WASHINGTON -- Federal prosecutors have declined to charge former FBI Deputy Director Andrew McCabe, closing an investigation over claims that he lied to federal officials about his involvement in a news media disclosure, McCabe's legal team said Friday.
The step was taken as part of a criminal investigation that began nearly two years ago with a referral from the Justice Department's inspector general's office, which concluded that McCabe had repeatedly lied about having authorized a subordinate to give information to a newspaper reporter for a 2016 article about an FBI investigation into the Clinton Foundation.
The case was handled by the U.S. attorney's office in Washington.
Separately, the Justice Department has begun reviewing the handling of the case against former national security adviser Michael Flynn, a person familiar with the matter said Friday.
It was not immediately clear what had prompted a review of the Flynn case, though the person familiar with the matter said U.S. Attorney Jeff Jensen of St. Louis was working on it. The New York Times first reported Jensen's involvement.
On Friday, prosecutors notified McCabe's attorneys in a phone call and a letter that they were closing the case. The letter, signed by the chief of the office's public corruption unit, did not give a precise reason but said the decision was reached after "careful consideration" and "based on the totality of the circumstances and all of the information known to the government at this time."
McCabe's lawyers, Michael Bromwich and David Schertler, said they were gratified by the decision.
"At long last, justice has been done in this matter," the lawyers said in a statement. "We said at the outset of the criminal investigation, almost two years ago, that if the facts and the law determined the result, no charges would be brought."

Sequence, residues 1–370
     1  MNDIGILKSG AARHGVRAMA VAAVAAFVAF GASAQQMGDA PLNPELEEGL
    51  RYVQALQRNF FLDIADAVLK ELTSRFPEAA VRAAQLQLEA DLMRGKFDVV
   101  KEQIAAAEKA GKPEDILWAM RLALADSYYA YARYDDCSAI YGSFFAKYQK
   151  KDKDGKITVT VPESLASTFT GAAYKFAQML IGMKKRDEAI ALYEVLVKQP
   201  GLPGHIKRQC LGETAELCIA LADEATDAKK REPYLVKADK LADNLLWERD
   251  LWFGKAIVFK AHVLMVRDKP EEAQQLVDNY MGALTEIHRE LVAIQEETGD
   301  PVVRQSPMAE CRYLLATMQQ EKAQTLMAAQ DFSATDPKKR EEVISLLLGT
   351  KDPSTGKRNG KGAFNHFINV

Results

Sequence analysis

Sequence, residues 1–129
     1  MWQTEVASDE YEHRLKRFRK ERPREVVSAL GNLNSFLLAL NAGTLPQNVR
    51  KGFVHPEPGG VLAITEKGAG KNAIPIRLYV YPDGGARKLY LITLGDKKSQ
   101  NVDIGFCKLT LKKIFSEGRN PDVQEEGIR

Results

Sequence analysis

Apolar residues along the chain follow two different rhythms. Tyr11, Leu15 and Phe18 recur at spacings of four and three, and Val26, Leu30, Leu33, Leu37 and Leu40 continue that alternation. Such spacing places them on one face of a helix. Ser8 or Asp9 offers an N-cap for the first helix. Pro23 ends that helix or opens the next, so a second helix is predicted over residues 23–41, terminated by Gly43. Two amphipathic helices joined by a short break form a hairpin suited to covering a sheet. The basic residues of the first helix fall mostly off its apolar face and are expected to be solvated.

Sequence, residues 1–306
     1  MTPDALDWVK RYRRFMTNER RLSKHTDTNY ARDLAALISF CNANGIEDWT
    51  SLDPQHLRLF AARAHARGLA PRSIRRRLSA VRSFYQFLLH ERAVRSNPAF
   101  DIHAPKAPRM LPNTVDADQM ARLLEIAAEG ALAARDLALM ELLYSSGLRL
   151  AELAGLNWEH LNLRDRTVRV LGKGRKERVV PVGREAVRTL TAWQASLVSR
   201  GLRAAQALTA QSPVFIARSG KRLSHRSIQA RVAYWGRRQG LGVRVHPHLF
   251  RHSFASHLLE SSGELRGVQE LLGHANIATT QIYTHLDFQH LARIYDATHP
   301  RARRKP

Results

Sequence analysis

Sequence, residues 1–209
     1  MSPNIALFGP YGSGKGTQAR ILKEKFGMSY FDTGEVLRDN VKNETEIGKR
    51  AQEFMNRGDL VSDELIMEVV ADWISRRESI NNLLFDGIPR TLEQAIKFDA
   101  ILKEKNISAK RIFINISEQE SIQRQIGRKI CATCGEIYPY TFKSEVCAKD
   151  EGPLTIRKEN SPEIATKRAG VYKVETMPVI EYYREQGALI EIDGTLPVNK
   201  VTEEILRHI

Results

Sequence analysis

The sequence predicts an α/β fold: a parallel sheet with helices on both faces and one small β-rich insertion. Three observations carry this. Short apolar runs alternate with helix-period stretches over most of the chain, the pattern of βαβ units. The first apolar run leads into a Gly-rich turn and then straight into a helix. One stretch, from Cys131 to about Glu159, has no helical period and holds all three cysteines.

Speaking Friday on CNN, where he works as a contributor, McCabe said it was an "absolute disgrace" that the investigation had taken so long and that he was relieved to be done with a process that he described as "so unbelievably tense."
McCabe has denied that he intentionally misled anyone. He has said his 2018 firing -- for what the Justice Department called "lack of candor" -- was politically motivated. He sued the Justice Department in August, saying officials had used the inspector general's conclusions as a pretext to rid the FBI of leaders Trump perceived as biased against him.
Attorney General William Barr, who before speaking out in a television interview, had privately complained to aides and the president himself that Trump's comments about the Justice Department were undercutting his job and raising questions about the department's credibility.
The president has complained that others have not been charged, including former FBI Director James Comey and his associates.
The president was upset that no charges were filed over Comey's handling of memos about his interactions with Trump, a matter that was referred to the Justice Department for potential prosecution, according to a White House official and Republican close to the White House who weren't authorized to speak publicly about private discussions and spoke on condition of anonymity.
Trump did not address the McCabe matter during a media appearance Friday.